1) Thermo Fisher switched suppliers for their filter holder assemblies at some point in time, the new manufacturer uses a different system, and they do not have parts in stock for the old system.
2) Thermo Fisher has realized this old system is complete garbage and does not even want to admit to having ever made it.
I’m leaning towards 2. Without further ado, here’s… this thing. The fitting can swivel a bit, but doing so tends to lift the two pins out. You can see their heads here.
Removing the pins releases the connection completely.
Looking down the bore at the weird gasket:
And finally, the connector itself, with BIG RAUNCHY MOLD MARKS THAT JUST MAKE LIFE DIFFICULT:
YUCKY STUFF AHEAD
So my coworkers had told me in the past about some kind of “carbon” that tended to circulate in the system on this transmitter, likely contributing to how it lays waste to the cooling water flow sensors. I was a little baffled, where would this come from? This system is just supposed to be full of PURE deionized water to maintain proper electrical resistivity and not clog things up. Well then, uh—
Imagine my amazement and horror when I dropped the Barnstead filter housing down and just saw it fill up with this inky yackage.
I poured it into a clear plastic water bottle for inspection. It looks like diluted India ink, and thankfully, smells like nothing. Coarse particles settled to the bottom, but even after sitting a couple hours, not everything settles out. I’m wondering if this is the result of the Barnstead filter just releasing small activated charcoal particles when the water flow stopped and reversed a moment, or if that’s really just… floating around in there. If so, where is all that coming from? Ew ew ew ewwwwwwwwwwwww
These photos are from fellow engineer Chris Hall. The owner of an AM station reached out to him for advice after a contractor from two states away rebuilt the transmitter facility and it just wouldn’t make power. Wonder why? What’s the dielectric strength of a Mason jar? Which parts went Exxon Valdez in there?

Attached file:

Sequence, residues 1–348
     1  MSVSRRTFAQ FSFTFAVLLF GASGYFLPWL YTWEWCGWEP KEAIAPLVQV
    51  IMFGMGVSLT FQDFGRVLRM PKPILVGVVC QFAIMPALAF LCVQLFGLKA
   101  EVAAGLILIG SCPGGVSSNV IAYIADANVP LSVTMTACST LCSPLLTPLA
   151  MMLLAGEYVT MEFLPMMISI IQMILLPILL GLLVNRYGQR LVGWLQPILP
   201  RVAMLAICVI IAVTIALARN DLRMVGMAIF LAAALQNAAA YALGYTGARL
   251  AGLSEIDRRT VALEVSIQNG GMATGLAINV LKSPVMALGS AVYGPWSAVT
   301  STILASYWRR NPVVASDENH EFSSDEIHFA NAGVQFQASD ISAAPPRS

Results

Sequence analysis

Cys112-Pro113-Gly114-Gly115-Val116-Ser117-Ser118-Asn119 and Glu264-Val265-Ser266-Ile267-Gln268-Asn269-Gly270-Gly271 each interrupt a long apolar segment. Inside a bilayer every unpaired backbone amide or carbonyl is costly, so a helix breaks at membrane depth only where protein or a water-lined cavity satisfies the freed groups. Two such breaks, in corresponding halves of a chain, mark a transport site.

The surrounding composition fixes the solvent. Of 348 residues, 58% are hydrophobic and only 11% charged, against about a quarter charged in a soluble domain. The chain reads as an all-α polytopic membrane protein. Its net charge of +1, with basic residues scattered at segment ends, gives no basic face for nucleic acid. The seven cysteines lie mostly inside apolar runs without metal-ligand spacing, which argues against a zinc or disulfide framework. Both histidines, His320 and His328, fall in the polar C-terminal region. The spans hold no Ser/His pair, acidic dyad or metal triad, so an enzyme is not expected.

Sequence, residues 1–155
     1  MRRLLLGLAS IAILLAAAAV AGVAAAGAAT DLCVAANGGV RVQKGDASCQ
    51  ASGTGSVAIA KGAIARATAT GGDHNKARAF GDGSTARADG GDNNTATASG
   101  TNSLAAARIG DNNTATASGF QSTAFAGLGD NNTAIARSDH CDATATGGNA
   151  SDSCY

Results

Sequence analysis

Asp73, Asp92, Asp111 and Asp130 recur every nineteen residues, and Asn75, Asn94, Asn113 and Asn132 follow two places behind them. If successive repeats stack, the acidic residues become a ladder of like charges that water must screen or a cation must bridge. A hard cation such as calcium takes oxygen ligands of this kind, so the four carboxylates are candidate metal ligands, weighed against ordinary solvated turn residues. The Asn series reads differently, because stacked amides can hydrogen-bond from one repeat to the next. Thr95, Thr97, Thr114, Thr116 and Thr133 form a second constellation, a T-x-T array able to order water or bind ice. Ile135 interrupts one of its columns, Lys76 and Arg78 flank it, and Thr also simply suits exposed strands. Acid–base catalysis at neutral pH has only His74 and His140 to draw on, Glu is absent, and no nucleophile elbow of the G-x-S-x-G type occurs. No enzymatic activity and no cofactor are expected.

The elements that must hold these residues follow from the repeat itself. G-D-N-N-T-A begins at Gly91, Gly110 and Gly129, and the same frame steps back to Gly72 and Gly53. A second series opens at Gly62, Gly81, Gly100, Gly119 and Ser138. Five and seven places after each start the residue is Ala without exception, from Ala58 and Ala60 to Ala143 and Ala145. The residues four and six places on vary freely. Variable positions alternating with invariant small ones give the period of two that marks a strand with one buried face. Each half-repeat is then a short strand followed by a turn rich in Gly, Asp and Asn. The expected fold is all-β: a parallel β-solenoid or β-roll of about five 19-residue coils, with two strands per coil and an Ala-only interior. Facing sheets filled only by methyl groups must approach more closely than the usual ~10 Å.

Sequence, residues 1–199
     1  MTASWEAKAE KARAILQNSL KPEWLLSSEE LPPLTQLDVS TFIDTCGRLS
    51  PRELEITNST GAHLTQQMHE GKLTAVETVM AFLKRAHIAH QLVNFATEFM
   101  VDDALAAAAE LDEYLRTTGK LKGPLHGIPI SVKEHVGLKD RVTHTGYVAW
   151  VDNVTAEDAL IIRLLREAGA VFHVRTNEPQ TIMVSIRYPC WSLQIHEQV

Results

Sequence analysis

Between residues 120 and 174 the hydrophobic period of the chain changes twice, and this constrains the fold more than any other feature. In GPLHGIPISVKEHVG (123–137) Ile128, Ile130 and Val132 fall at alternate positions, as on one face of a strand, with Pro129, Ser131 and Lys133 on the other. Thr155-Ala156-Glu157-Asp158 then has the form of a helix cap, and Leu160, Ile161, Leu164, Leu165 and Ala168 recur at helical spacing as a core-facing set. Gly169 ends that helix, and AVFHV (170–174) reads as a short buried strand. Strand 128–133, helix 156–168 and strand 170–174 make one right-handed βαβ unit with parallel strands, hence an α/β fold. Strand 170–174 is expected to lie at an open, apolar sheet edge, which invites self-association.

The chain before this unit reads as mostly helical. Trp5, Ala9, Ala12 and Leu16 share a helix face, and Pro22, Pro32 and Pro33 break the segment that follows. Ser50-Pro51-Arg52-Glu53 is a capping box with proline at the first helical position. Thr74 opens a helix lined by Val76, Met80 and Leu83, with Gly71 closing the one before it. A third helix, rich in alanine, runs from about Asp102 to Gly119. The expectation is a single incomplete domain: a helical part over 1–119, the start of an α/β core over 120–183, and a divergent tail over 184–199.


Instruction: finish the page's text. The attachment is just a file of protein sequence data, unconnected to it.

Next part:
My experience with AM antenna systems is limited but I can say that I would not trust even a single component in this ATU – it’s probably all been compromised by excessive voltage, current, and, uh, mechanical abuse, fire, and overheating. Call up Kintronic Labs, ask for a quote….
How do you do that to a poor innocent vacuum variable cap?! I mean uhhhhhhhhh. What. I’m guessing the voltage flew off the handle when it ran far off resonance, I can’t even fathom which part would have failed first, or maybe if the contractor just tried to bring up full power with the Vise-Grips not clamped on or okay that’s it I’m done I can’t even. This is why I like coming up at the lowest possible power first if in doubt….
I grew up with a lot of it abundant in the South Florida area where it could be really nice when done right (notably, when concrete was WELL sealed, and humidity buildup was prevented). Some of the structures were pretty damn cool and had things like well sheltered indoor plazas that managed to make an open-air building in Florida heat still comfortable to use.
So… needless to say… I was very amused by this concept, and I never thought I’d say this phrase like, ever—
Brutalist self-storage facility.
There’s a U-Haul building in Roseville, California, that was built in an old hospital. I haven’t found details on when it was originally constructed, but wow it’s Brutalist all right. It had been a hospital until Sutter Health sold it in 1998. It had been a Sierra College campus for a while, was bought by a Bay Area development company and redeveloped in 2014-2017(?) to become an office/school complex, but I guess the demand was low for such at the time. Most of the interior was bashed out, revealing the GLORIOUS CONCRETE… but it still has…..
…this. It’s actually entirely perplexing – look above the window. I suspect it was probably added while the building was a college, otherwise, the poured concrete probably would have been formed for it directly. Weird, right?
The silly thing about this, of course, is that if this had been a 1970s building, the orange would have been right in place!!! The white walls might have wound up brown, though.
Pictures taken from an old real estate portal listing:
The elevator shaft/mechanical core of the building was built in a way as to look SUPREMELY WEIRD… you know, as you do.